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Article 66

Commissioners narrowly approve Wil-Cox bridge repairs

By David Bodenheimer
The Dispatch

Published: Tuesday, September 14, 2010 at 11:55 p.m.

The Davidson County Board of Commissioners opted to move forward with cosmetic repairs to the Wil-Cox Bridge, set to be done by Flatiron-Lane Construction, the same contractor heading up work on the new Interstate 85 bridge project over the Yadkin River.


The board heard an update on repair costs Tuesday night from N.C. Department of Transportation Division 9 Engineer Pat Ivey. It was the first such update from the DOT to the board since May, after the department said it would work on getting an estimate to commissioners.


On a narrow 4-3 vote, commissioners approved Flatiron-Lane’s quote of just over $1.1 million to do necessary cosmetic repairs to the bridge, which primarily includes sealing cracks that were not deemed structural issues by the DOT.

 

Commissioners Larry Potts, Sam Watford and Don Truell all voted against spending the money. Board Chair Dr. Max Walser gave the decisive “yes” vote alongside commissioners Fred McClure, Billy Joe Kepley and Cathy Dunn.


In March, commissioners voted to accept ownership of the bridge from the DOT, which would have knocked it down as part of the I-85 project had commissioners not accepted ownership. Since then, DOT closed the bridge to traffic in April after finding several structural deficiencies.


Part of the agreement between the county and DOT was that the transportation department would pay for repair costs to bring the bridge back up to code. Shortly after the county accepted the agreement in March, the bridge was closed in April to traffic. The DOT also pledged $2.5 million to the county in repair costs that would also give the county the opportunity for cosmetic upgrades.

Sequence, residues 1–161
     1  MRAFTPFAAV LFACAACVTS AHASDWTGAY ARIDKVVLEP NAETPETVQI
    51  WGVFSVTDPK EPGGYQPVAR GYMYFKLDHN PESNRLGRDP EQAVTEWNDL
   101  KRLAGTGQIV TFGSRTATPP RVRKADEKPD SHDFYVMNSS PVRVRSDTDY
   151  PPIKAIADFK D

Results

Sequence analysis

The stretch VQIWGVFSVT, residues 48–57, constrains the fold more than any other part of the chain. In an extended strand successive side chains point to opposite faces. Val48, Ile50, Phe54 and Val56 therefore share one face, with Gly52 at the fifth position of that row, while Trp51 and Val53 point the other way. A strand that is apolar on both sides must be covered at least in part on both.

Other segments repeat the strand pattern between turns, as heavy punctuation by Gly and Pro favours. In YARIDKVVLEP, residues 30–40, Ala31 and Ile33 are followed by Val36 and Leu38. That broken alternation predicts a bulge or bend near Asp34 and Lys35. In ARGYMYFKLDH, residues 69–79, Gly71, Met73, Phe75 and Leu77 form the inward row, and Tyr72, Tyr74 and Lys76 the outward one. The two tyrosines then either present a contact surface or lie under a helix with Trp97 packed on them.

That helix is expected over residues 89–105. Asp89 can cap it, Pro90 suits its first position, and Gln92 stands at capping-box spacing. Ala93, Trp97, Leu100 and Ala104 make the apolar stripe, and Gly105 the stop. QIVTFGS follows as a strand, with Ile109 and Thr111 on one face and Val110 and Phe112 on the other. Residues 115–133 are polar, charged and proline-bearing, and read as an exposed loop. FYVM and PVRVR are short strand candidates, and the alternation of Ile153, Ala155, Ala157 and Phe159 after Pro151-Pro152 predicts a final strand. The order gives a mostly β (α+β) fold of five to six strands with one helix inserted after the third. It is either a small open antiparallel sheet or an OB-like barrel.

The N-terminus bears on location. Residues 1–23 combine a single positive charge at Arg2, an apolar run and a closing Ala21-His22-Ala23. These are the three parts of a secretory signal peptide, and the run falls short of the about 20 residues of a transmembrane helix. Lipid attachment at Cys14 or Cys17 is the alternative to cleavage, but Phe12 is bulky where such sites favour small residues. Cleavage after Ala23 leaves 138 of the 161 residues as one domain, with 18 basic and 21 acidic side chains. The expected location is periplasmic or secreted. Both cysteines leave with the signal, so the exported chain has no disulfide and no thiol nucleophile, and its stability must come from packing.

Ivey said the DOT is expected to spend about $3 million in structural repairs but told commissioners, in his opinion, the price from Flatiron-Lane to do cosmetic repairs is a good one.


“This is an excellent deal for the county,” Ivey said. “The reason it is a low as it is, is because that contractor will be out there already. If you all had this project yourself, it would be significantly higher. Plus it would be a different contractor who would not be familiar with the project. Our original cost estimate for this work was closer to $2 million.”


Ivey also pointed out that the longer the cosmetic repairs went unaddressed, the more money those repairs would potentially cost.


Commissioners debated at length, asking Ivey a series of questions and expressing concern on whether postponing cosmetic repairs would be a better option for the county.


“I think we should save the money,” said Watford. “We don’t have to do this.”


But concerns over future prices and different contractors prompted the board to move forward.


“I think the time to do it is to do it all at one time,” Kepley said. “When you start something, do it completely, then you can forget about it and go on to other projects. I would encourage everyone to support it. I think it should all be done at one time.”


In other news, the board:


• Approved economic incentives for Project Lynx and scheduled a public hearing on the matter for Sept. 28. Under the proposal, the county will enter a lease agreement with the City of Lexington and will have one-half interest of the property, slated to be located in the Lexington Business Center. The agreement is for 12 years in the amount of $72,916 each year as the county’s share of the rent. Project Lynx proposes to invest $20 million in new plant, machinery and equipment and create 42 jobs over three years.


The Lexington City Council unanimously approved the economic incentives agreement at its meeting Monday night.
Steve Googe, executive director of the Davidson County Economic Development Commission, said talks with Project Lynx have been ongoing for more than six years. While Googe didn’t offer further details about the company he said he plans to meet with Project Lynx officials later this week, during which he will present the incentives in hopes of finalizing the company’s move to Davidson County.


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